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Blasphemy Laws in Pakistan

Is there a world in which a nine year-old girl should be facing a death sentence…all for refusing to accept her fate in a forced marriage to a much older man?

This is not a hypothetical situation. This is reality in Pakistan.

The young Christian girl was forced to marry a much older Muslim man. She was also forced to convert to Islam.

But she wouldn’t accept her fate. She ran away, back to her family.

It was not long before the police arrived at her family’s home. They took her away and threw her into jail. She was accused of apostasy, and faced a potential death sentence.

A Pakistani Christian lawyer—let’s call her Adiba—heard this girl’s story and jumped to her defence. She knew the dangers. Yet, she knew she had to be fearless, just as the young girl had.

Adiba found herself accused of blasphemy during the defence of the girl. She was forced to flee Pakistan with her two young children and husband.

She did not stay gone for long. She soon returned, wanting to defend her fellow Christians—no matter the cost.

ADF International, with whom Adiba is an allied lawyer (along with 3,000 others), has asked important international bodies to address the issues in this case, including the blasphemy laws that forced Adiba to flee Pakistan while she was defending the young Christian girl.

In theory, religious freedom is protected under Pakistan’s constitution. In practice, this is not the case.

Pakistan has blasphemy laws on its books, which are interpreted widely and have been used to prosecute people speaking out against Islam or its prophets. While Pakistan theoretically allows missionary activity and evangelism, blasphemy laws complicate the situation. These laws make it very easy for someone to accuse a member of a religious minority of preaching against Islam.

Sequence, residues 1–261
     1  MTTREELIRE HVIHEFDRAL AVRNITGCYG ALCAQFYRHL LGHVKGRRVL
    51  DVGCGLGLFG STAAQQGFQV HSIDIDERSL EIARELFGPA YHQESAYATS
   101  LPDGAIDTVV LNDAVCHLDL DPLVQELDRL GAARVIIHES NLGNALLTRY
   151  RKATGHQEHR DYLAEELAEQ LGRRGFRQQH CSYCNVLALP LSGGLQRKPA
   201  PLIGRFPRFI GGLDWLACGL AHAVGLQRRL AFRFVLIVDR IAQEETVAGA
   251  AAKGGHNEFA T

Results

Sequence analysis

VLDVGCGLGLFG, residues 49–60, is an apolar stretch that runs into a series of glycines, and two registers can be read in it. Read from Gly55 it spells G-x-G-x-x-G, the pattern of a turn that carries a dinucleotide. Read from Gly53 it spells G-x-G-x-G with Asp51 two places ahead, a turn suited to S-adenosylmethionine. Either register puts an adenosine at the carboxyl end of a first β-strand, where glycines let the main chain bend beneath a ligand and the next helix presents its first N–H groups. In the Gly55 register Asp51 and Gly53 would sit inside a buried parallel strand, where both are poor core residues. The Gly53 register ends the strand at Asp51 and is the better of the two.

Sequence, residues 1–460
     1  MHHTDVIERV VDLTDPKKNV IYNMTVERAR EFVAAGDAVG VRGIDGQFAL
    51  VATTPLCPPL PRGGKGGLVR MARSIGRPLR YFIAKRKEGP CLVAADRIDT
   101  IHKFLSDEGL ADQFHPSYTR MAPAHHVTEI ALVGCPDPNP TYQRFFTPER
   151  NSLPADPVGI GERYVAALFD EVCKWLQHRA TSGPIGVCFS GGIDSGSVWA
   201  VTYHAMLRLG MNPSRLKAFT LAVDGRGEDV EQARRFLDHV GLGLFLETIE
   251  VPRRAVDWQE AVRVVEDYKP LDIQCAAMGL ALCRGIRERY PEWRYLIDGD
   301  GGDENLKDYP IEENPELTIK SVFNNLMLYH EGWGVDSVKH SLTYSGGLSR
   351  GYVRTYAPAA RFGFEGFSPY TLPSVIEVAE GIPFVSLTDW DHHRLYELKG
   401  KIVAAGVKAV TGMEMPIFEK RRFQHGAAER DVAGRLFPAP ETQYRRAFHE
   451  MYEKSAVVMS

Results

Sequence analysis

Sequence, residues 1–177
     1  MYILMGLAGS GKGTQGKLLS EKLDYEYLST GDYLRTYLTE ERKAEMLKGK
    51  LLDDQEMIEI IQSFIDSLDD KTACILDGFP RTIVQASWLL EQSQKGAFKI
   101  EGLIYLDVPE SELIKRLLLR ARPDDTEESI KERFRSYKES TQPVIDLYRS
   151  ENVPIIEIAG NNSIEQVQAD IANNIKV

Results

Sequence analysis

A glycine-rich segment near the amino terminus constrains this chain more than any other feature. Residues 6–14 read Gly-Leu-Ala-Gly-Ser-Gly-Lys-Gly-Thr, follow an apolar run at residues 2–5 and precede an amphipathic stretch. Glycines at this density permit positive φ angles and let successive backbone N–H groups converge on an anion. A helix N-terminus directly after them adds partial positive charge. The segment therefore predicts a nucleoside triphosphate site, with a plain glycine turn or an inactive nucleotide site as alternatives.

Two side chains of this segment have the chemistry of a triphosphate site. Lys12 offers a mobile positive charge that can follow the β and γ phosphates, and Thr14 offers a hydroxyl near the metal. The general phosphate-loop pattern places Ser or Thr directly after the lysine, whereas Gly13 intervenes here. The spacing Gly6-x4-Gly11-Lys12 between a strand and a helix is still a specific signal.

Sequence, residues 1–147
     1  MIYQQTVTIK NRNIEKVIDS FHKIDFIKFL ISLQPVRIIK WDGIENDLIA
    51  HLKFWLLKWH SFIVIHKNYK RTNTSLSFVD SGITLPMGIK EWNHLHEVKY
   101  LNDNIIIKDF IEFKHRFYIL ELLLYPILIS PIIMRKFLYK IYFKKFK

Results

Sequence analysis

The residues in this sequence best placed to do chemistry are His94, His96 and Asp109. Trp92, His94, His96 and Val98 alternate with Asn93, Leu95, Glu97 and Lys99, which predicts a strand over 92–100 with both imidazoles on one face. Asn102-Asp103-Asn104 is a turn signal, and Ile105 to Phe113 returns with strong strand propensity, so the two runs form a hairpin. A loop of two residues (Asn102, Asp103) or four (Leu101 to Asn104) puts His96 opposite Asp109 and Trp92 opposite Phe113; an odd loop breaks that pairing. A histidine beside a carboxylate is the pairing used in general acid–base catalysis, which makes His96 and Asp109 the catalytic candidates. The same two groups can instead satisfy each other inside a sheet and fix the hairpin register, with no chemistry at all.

Sometimes this means the laws will be deliberately exploited to settle fights between Muslims and their Christian neighbours.

In 2016, the United States Commission on International Religious Freedom said that 40 individuals were sentenced to death or life in prison for violating blasphemy laws in Pakistan.

Those who are accused are not just subject to the police, but also to their fellow neighbours in the form of harassment or physical attacks. This forces some to flee Pakistan, just like Adiba did.

Article 18 of the United Nations’ Universal Declaration of Human Rights (UDHR), adopted by the United Nations General Assembly in1948, states that:

Everyone has the right to freedom of thought, conscience and religion; this right includes freedom to change his religion or belief, and freedom, either alone or in community with others and in public or private, to manifest his religion or belief in teaching, practice, worship and observance.

Clearly, Pakistan’s blasphemy laws do not measure up to the UDHR’s standard.

But that’s not all. The young Christian girl who was forced to convert to Islam and marry a much older man had not just her fundamental human right to freedom of religion violated; her right to enter into marriage freely, as expressed in Article 16.2 of the UDHR, was also completely forgotten.

These laws undermine the inherent dignity and fundamental freedoms of every religious minority that Pakistan has to offer. They must not stand.

Will you join us?  

On the occasion of the 70th anniversary of the United Nations Universal Declaration of Human Rights, ADF International reaffirms the fundamental understanding that human rights are based on the inherent dignity of each person.

Join us in the promotion and protection of your fundamental freedoms today.

Add your voice by signing The Geneva Statement on Human Rights at www.ImHumanRight.org

 

ADF International builds alliances and engages in legal advocacy to protect and promote religious freedom throughout Europe, Asia, the Americas, Africa, and Oceania. We operate at institutions of strategic international importance.

We also work alongside Member States at these organizations to protect the fundamental values they were founded to uphold. ADF International’s influence at these key institutions means we are instrumental in shaping policy around the world.

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